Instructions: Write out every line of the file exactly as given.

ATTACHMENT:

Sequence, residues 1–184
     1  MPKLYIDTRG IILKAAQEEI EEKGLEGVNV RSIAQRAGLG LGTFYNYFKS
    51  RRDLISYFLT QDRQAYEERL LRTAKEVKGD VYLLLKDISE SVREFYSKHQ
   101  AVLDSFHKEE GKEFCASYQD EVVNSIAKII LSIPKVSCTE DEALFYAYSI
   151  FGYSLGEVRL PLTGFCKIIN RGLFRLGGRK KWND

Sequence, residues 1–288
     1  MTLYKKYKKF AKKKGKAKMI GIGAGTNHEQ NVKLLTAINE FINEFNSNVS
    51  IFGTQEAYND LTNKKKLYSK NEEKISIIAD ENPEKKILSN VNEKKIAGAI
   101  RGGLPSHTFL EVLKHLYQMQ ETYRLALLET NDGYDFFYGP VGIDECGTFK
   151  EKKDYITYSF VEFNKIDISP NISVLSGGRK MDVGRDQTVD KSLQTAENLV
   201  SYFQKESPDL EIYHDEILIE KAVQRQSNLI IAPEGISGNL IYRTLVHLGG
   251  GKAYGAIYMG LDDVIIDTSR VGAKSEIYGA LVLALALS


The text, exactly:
Sequence, residues 1–184
     1  MPKLYIDTRG IILKAAQEEI EEKGLEGVNV RSIAQRAGLG LGTFYNYFKS
    51  RRDLISYFLT QDRQAYEERL LRTAKEVKGD VYLLLKDISE SVREFYSKHQ
   101  AVLDSFHKEE GKEFCASYQD EVVNSIAKII LSIPKVSCTE DEALFYAYSI
   151  FGYSLGEVRL PLTGFCKIIN RGLFRLGGRK KWND

Sequence, residues 1–288
     1  MTLYKKYKKF AKKKGKAKMI GIGAGTNHEQ NVKLLTAINE FINEFNSNVS
    51  IFGTQEAYND LTNKKKLYSK NEEKISIIAD ENPEKKILSN VNEKKIAGAI
   101  RGGLPSHTFL EVLKHLYQMQ ETYRLALLET NDGYDFFYGP VGIDECGTFK
   151  EKKDYITYSF VEFNKIDISP NISVLSGGRK MDVGRDQTVD KSLQTAENLV
   201  SYFQKESPDL EIYHDEILIE KAVQRQSNLI IAPEGISGNL IYRTLVHLGG
   251  GKAYGAIYMG LDDVIIDTSR VGAKSEIYGA LVLALALS